Skip to Main Content

Theology and Religious Studies: In the News

General Guide to Searching for News

For a general guide to News and News Sources, take a look at the Newspaper Sources Home Page.


Fake News and how to spot it

Evaluating sources of information is important with any research, and especially with the growing presence of fabricated or manipulated news. 

When you approach a news story:

  • Take the time to investigate the source of the story, including the site publishing the story, its mission, and background information.
  • Investigate the author. Are they a real person? Are they a credible author?
  • Check the date. Old news stories are often shared in conjunction with current events, but aren't relevant.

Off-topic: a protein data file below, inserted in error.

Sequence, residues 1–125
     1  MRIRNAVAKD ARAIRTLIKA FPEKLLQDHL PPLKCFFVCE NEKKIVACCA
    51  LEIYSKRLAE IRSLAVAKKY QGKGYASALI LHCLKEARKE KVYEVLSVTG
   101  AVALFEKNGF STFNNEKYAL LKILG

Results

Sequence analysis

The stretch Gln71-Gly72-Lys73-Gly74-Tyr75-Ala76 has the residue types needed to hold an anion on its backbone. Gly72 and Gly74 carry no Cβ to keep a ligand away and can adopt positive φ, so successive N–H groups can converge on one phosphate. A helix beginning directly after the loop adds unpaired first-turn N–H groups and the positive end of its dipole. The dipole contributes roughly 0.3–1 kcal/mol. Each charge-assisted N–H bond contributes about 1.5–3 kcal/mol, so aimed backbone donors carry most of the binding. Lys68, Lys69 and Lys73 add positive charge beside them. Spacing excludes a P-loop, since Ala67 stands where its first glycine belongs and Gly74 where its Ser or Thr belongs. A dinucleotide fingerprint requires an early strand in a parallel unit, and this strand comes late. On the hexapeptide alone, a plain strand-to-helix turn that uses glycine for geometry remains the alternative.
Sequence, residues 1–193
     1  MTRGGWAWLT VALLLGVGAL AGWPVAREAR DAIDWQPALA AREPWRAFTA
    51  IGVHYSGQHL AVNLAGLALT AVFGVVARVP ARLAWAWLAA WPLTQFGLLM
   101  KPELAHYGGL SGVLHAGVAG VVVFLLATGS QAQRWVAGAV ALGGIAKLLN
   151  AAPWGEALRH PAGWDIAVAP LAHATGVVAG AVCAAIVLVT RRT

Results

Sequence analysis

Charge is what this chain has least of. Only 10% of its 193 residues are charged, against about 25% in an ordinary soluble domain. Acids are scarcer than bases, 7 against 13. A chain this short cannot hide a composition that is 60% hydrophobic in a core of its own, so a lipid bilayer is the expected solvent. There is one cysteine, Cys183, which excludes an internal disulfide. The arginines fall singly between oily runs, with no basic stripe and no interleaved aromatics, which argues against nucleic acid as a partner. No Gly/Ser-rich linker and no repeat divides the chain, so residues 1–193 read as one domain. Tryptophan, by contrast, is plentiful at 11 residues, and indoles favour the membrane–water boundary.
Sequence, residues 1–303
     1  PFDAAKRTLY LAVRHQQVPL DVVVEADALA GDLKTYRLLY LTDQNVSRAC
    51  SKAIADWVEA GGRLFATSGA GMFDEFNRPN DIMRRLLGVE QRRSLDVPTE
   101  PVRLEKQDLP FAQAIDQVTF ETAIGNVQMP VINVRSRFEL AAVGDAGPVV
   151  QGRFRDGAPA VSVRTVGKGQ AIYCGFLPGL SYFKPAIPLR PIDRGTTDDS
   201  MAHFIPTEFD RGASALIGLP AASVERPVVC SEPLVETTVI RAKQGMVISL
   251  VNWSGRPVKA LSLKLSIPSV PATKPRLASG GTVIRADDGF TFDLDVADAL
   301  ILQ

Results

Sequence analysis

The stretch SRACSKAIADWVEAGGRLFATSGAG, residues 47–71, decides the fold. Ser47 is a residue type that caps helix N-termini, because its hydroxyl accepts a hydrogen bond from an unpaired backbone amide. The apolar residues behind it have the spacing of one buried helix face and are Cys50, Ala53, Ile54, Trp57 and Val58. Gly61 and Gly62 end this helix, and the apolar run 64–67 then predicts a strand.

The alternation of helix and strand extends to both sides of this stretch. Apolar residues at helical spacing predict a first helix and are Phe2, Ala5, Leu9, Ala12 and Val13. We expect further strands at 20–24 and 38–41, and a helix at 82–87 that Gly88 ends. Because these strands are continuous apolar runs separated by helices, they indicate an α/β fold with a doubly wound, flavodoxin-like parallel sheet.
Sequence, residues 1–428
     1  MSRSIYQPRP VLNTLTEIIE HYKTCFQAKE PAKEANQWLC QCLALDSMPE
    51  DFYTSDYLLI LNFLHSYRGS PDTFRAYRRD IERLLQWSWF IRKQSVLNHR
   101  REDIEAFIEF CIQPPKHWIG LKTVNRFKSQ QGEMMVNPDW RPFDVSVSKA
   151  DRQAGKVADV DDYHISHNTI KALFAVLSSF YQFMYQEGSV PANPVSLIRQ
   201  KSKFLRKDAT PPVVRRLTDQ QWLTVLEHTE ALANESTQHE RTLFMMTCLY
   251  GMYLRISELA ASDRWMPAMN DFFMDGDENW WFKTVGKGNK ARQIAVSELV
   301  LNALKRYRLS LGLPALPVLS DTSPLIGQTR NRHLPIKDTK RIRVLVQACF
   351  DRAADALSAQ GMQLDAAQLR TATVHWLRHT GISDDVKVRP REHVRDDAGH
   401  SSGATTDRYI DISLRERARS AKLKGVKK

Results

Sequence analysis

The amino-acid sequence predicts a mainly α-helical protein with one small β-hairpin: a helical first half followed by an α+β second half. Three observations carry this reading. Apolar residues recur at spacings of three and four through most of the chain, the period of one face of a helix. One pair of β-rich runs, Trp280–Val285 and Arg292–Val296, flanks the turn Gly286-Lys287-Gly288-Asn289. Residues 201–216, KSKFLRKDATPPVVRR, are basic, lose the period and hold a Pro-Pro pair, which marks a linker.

• Read beyond the headlines (and make sure there's more there beyond the headlines).
  • Look for cited sources. If a story links to supporting sources, follow those links.
  • Could it be a joke? Sometimes things are too outlandish to be real and are, in fact, satire. 
  • Check biases. Can you see the author's bias or prejudices coming through in the story? How does that change how you interpret the story? Are your own biases affecting how you interpret a news story?
  • Ask an expert. Ask a librarian or a fact-checking web site.

For more information on Fake News and more tips on spotting it and navigating this complex landscape, check out the News, Spin, and Fake News research guide.